Protesters, police clash in Turkey amid mounting questions in mine fire

Yusuf Yerkel, an aide to Turkish Prime Minister Recep Tayyip Erdogan, kicks a person who is being wrestled to the ground by two police officers during protests in Soma, Turkey, on Wednesday, May 14. Hundreds have taken to the streets across the country since nearly 300 miners died in a mine fire near Soma on May 13, protesting the government and a lack of safety regulations. Unions have called for strikes May 15.

Police in Soma, Turkey, used tear gas, plastic pellets and a water cannon Friday on protesters angry over the government's response to a coal mine fire that killed at least 298 people.
Protesters chanting "Don't sleep, Soma, remember your dead!" coursed through city streets a few miles from the disaster site, trying to reach a statue honoring miners.
The clash came two days after a photograph surfaced of an aide to Turkey's Prime Minister kicking a protester, an image that quickly became a symbol of the anger felt by many against the government, and amid mounting questions over safety practices at the mine. The complex exploded into fire for unknown reasons Tuesday -- trapping many miners deep underground.
Among other issues, mine officials indicated Friday that workers may not have had access to an emergency refuge where they could have sheltered from the flames and choking fumes.
Site manager Akin Celik told reporters that the mine had closed one emergency refuge when excavation work moved to a lower area. Miners were building, but had not finished, a new safety chamber at the lower level, he said.
The owner of the company, Alp Gurman, said the mine met the highest standards laid out by the law in Turkey. The company, he said, had no legal obligation to build safety chambers.
Early Satuday, the Natural Disaster and Emergency Coordination Directorate said the number of dead in the mining disaster is now 298. It wasn't immediately clear how many miners may still be inside; authorities earlier said 18 remained trapped.
If and when they are found, hopes have dwindled that they'll be alive. Rescue workers haven't found anyone alive since Wednesday.
Smoke and fumes were still hindering search and recovery efforts Friday, officials said.
Authorities have previously said the fire was sparked by a transformer explosion, but Celik told reporters Friday that the cause of the fire was still unknown.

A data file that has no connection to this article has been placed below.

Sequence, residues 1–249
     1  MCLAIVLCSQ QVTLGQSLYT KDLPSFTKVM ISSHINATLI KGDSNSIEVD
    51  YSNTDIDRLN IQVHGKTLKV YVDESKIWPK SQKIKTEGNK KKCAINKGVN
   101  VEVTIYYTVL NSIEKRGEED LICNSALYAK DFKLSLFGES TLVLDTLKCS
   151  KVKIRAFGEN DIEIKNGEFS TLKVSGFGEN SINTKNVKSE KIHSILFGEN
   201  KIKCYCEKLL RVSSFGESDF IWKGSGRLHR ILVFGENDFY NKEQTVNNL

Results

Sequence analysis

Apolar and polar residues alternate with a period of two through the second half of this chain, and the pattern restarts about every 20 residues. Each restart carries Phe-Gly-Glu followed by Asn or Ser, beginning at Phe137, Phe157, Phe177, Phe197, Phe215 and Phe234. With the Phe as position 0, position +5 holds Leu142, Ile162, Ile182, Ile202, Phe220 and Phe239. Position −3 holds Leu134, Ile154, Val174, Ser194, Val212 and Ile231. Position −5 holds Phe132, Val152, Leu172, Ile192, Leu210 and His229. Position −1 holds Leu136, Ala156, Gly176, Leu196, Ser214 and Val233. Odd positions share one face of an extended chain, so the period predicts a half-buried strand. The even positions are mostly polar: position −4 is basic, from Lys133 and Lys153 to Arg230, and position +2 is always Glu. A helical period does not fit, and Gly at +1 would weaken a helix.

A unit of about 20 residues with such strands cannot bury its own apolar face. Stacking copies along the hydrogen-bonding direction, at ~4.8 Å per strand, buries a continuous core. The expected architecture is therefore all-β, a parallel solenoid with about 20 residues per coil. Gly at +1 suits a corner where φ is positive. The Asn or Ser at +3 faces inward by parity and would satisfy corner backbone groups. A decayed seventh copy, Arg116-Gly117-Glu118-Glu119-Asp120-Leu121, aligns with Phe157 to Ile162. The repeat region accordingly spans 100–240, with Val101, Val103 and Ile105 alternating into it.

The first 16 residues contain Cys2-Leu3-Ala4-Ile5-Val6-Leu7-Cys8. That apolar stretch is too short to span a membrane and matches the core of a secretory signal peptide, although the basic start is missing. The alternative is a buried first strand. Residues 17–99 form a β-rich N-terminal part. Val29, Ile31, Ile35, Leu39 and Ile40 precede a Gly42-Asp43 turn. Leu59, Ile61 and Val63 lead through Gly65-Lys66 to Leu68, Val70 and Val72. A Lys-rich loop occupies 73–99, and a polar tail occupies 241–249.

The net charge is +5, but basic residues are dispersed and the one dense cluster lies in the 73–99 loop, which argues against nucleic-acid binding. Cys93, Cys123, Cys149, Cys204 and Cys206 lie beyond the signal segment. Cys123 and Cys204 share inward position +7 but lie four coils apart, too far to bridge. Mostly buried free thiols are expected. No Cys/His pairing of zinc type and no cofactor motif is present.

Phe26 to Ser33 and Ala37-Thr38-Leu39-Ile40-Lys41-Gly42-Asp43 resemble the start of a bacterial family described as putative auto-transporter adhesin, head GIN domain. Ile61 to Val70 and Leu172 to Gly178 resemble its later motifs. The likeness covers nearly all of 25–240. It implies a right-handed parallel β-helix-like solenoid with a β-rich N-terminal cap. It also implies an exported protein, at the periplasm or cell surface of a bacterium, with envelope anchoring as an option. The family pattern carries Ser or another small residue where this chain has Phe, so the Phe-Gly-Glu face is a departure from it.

Asked what had happened, he said, "We don't know either. Never seen anything like this before. We are trying to find out."
Kicking a protester
Friday's clashes are likely to further anger Soma residents already seething over the disaster and the treatment of the protester kicked by Yusuf Yerkel, an adviser to Prime Minister Recep Tayyip Erdogan.
The man, detained by special forces, can be seen lying on the ground as the suited adviser to Erdogan appears to aim a kick at him.
The shocking image outraged many in Turkey, prompting an outpouring of anger on social media, and is seen as symbolizing the increasingly polarizing impact of Erdogan's authority in the country.
Yerkel was quoted by Turkey's semiofficial Anadolu news agency Thursday as saying that he had been deeply saddened by the previous day's events.
"I am sad that I could not keep my calm in the face of all the provocation, insults and attacks that I was subjected to that day," he reportedly said.
In another incident Wednesday, video footage showed a crowd outside a grocery store angrily booing Erdogan. As the Prime Minister entered the crowded store, he appeared to put his arm around the neck of a man who was later identified as a miner.
After the confrontation, the video captured what appeared to be Erdogan's security guards beating the same man to the floor. The miner said later that Erdogan slapped him, possibly by mistake. He wants an apology for the way he was treated by the Prime Minister's staff.
Huseyin Celik, a spokesman for the ruling Justice and Development Party, or AKP, dismissed the grocery store incident and said the image of Yerkel kicking the protester was misleading.
Political bonfire
Besides the anger prompted by the photo, Erdogan's comments Wednesday to relatives of dead and injured miners were seen as highly insensitive and drew scathing criticism.

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